- Albert Victor, Duke of Clarence and Avondale (8 January1864-14 January 1892).
- King George V, (3 June 1865-20 January 1936); married HSH Princess Victoria Mary ("May") of Teck and had issue.
- Louise, Princess Royal (20 February 1867-4 January 1931), declared Princess Royal, 9 November 1905, m. Alexander Duff, 1st Duke of Fife; and had issue.
- Princess Victoria (6 July 1868-3 December 1935).
- Princess Maud (26 November 1869-20 November 1938) m. HRH Prince Carl of Denmark, afterwards King Haakon VII of Norway, and had issue.
- Prince John (6 April-6 April 1871).
When Queen Victoria died on 22 January 1901, Bertie became king. At the age of 59, he was the oldest man to ascend to the throne in British history. To the surprise of many, he chose to reign under the name Edward VII instead of Albert Edward I. The new King chose the name Edward since it had been borne by six of his predecessors and no English or British Sovereign had ever reigned under a double name. Edward VII and Queen Alexandra were crowned at Westminster Abbey on 9 August 1902.
Edward's main interests lay in the fields of foreign affairs, naval and military matters. Fluent in French and German, he made a number of visits abroad. One of his most important foreign trips was an official visit to France in spring 1903 as the guest of President Emilé Loubet. This visit helped create the atmosphere for the Anglo-French Entente Cordiale, an informal agreement delineating British and French colonies in North Africa. Signed by the French foreign minister, Theophile Delcassé, and the British foreign secretary, the Marquess of Lansdowne on 8 April 1904, the Entente marked the end of centuries of Anglo-French rivalry and Britain's "splendid isolation" from continental affairs.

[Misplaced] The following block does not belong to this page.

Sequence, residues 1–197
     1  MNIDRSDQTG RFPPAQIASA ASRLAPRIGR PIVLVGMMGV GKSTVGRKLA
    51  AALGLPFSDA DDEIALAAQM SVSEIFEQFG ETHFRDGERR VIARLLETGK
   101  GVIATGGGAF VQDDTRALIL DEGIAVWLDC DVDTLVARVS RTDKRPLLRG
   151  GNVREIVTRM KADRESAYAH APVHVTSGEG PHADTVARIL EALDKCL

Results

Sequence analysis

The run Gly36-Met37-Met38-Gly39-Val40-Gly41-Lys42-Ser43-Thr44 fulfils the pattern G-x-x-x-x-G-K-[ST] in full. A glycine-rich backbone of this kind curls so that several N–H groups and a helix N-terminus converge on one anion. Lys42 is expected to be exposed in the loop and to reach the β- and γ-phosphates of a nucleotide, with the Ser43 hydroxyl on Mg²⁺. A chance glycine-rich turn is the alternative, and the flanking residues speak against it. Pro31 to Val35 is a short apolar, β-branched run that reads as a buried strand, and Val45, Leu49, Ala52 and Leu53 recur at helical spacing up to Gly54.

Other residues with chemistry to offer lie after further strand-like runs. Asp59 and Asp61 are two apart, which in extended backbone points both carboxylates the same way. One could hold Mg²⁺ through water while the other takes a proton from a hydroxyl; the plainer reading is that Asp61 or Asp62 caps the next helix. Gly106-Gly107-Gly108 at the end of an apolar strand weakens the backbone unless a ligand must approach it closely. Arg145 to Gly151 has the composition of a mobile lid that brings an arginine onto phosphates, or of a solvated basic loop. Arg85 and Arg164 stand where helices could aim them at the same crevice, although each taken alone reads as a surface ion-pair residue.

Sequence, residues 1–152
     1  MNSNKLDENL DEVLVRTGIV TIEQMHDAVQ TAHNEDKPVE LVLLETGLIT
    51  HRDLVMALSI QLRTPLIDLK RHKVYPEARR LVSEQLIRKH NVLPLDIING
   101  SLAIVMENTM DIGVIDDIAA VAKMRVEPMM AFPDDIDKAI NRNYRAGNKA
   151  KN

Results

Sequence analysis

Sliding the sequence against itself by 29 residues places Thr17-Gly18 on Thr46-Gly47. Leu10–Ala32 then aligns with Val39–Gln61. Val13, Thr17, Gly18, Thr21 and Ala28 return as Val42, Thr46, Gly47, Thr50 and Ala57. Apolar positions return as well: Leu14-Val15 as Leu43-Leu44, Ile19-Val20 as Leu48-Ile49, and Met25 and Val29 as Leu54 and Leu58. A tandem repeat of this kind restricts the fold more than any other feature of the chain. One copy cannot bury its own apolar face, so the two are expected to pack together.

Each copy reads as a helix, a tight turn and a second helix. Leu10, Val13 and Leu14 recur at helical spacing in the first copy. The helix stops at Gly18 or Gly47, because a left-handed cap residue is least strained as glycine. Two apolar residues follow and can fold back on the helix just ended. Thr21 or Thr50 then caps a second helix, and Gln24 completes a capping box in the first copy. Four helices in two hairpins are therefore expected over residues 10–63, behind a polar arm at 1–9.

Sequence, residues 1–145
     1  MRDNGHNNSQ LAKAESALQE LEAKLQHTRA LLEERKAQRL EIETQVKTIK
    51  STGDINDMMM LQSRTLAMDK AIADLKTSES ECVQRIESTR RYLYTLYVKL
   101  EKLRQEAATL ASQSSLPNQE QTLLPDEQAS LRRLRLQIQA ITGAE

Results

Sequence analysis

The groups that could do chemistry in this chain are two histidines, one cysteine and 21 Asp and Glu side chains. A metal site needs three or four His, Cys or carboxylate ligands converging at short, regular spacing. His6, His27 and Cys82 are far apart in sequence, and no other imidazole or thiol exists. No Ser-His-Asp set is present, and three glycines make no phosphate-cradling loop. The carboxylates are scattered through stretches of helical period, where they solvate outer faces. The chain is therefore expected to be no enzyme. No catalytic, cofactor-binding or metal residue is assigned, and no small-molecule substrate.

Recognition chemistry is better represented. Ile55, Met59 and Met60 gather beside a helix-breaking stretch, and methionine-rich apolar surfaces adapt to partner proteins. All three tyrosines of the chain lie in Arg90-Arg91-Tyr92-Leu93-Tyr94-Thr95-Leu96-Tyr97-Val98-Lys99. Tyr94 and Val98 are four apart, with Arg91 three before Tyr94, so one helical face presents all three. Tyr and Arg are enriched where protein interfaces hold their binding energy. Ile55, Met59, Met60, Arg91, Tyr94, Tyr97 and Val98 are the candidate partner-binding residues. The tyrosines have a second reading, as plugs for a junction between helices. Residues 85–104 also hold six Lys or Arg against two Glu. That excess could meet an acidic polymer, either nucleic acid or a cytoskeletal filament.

Edward VII was related to nearly every other European monarch and came to known as the "uncle of Europe." The German Emperor Wilhelm II, Tsar Nicholas II of Russia, King Alphonso XIII of Spain, and Carl Eduard, Duke of Saxe-Coburg-Gotha were Edward's nephews; King Haakon VII of Norway was his son-in-law; King George I of the Hellenes and King Frederick VIII of Denmark were his brothers-in-law; and King Albert I of Belgium, Manuel II of Portugal, King Ferdinand of Bulgaria, Queen Wilhelmina of the Netherlands, and Prince Ernst August, Duke of Brunswick-Lüneburg, were his cousins. Edward's volatile relationship with his nephew, Wilhelm II, exacerbated the tensions between Germany and Britain in the decade before World War I.
In the last year of his life, Edward became embroiled in a constitutional crisis when the Conservative majority in the House of Lords refused to pass the "People's Budget" proposed by the Liberal government of Prime Minister Herbert Asquith. The King died before the Liberal victory in the 1910 general election resolved the situation.
As king, Edward VII proved a greater success than anyone had expected, but he was already an old man and had little time left to learn the trade of kingship. He ensured that his own heir, who would become George V of the United Kingdom, was better prepared to take the throne. Edward VII is buried at St. George's Chapel, Windsor Castle. He was succeeded by his second son, George V.
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Edward's life was dramatized in the 1975 British television series Edward the Seventh, also known as Edward the King or The Royal Victorians, and starring Charles Sturridge as the adolescent Edward, Timothy West as the adult Edward and Annette Crosbie as Queen Victoria.